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Transport / Mass transit

Lille had Europe’s first fully automated Metro system. It opened in 1983

Thameslink recently unveiled its automated rail technology through London. New trains will drive themselves through the central London route between St Pancras and Blackfriars, allowing for 24 trains an hour and up to 30 an hour if necessary.

It sounds all shiny and futuristic – but the reality is that the technology isn’t that modern. In fact, Thameslink trains aren’t even entirely automated: the human driver still operates the doors, and is there to take over in case things don’t run smoothly. It’s the same system run by the Glasgow subway system, and several lines on the London Underground.

If you want to see real automation in action don’t bother with Thameslink at St Pancras. Hop on the Eurostar for 90 minutes to Lille, where the Metro has been operating at the highest level of automation since 1983. Yep: Lille had automated trains in the year David Bowie released Let’s Dance.

If you want to ride a comparable system in the UK, you’ll have to go to an airport. Gatwick and Stansted’s terminal shuttles use the same level of automation, capable of operating without human intervention. Even London’s Docklands Light Railway, which shares an aesthetic with the Lille Metro, needs a human being on board to close the doors and deal with emergencies. We’re so behind.

A plan of the Lille metro network. Image: Wikipedia Commons.

Lille’s two-line rapid transit system, VAL (Véhicule Automatique Léger), was based on a concept by French physicist Robert Gabillard, using a guideway with embedded sensors. Trains and stations are unstaffed, though monitored by a network of CCTV cameras. And glass partition doors along the platforms makes it very hard to get a decent photo. Damn you, health and safety.

Despite the system being 35 years old, it’s running smoothly. Sure, the design is very 1980s (plasticky trains with terrible moulded seats) and some of the station exteriors have that similar 80s vibe of bold colours and wacky shapes. But a station like Les Pres, with its high arches and wood finish, has a faint cathedral-like air – even if the view is of a car park.

What’s seriously impressive is the frequency. Even on a midweek afternoon in December, trains were running every 3-4 minutes and run every 66 seconds during peak times. Apparently the system’s capable of running a train every 60 seconds, but adds those extra six seconds for everyone to board properly. If everything’s running smoothly, the longest you should ever wait for a train at the quietest times is 8 minutes.

An underground station in Lille. Image: author provided.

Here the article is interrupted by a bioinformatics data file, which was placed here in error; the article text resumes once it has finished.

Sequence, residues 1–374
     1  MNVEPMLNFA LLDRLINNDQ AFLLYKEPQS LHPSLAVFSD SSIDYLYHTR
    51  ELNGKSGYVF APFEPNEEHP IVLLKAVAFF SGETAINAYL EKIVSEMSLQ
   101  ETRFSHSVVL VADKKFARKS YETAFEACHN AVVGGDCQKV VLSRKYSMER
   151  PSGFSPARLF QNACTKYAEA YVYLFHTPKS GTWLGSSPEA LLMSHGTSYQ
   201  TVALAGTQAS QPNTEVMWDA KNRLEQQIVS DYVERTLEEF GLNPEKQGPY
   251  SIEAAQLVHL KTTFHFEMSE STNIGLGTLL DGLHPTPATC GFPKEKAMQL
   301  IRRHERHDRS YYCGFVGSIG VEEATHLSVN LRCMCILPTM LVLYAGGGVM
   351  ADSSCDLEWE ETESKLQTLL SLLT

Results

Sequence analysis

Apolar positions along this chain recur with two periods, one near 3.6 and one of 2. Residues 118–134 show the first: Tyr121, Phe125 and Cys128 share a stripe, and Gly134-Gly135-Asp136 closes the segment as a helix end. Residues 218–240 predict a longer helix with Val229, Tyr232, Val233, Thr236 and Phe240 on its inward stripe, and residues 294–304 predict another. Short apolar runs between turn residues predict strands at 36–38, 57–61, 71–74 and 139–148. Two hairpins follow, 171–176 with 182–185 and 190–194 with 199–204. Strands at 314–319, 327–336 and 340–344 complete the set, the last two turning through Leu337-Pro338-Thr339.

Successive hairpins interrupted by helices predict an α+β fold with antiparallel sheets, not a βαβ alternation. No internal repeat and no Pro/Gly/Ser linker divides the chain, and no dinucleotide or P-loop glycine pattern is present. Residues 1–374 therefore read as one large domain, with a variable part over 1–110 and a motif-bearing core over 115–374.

Still, those trains on a December weekday were still standing room only. Even though Lille has an urban population of just over 1m, the metro trains only have two cars each. Even with trains shuttling along every minute that’s not enough, so an upgrade to double capacity is in progress.

Alstom won the contract for Line 1 in 2012, which was meant to bring new trains that were double the length of the existing sets by the end of 2017. Sadly, that upgrade has been delayed and nobody at Alstom seems to want to tell me when the new deadline is; one rumour is 2020. On completion, the plan is to boost capacity on Line 2 by transferring Line 1’s existing trains across.


That’s a shame, because these new trains will be the walk-through type, and have better electronic signage and bigger windows: on the old trains you’re kind of peering out a small gap at the front, which doesn’t have the ‘driving the train’ feel of the Docklands Light Railway. Lille’s current trains are sweet and dinky, but the city’s commuters deserve a transit experience to match how regularly they get whisked in and out.

Another part of the upgrade work is lengthening platforms. All Line 2’s platforms are 52m long, which can fit in two trains – or, one double-length upgraded train. Line 1’s platforms were built 26m long, which is obviously a problem if you want to double the length of the trains. That work has been completed, at least in the centre of Lille, leading to stickers on half the platform doors urging passengers to move along because trains don’t stop at that point (yet).

One day, Lille’s metro system will look as futuristic as its technology. If you want to see Europe’s first fully automated Metro system as it was (kind of) conceived, you should head to Lille soon.
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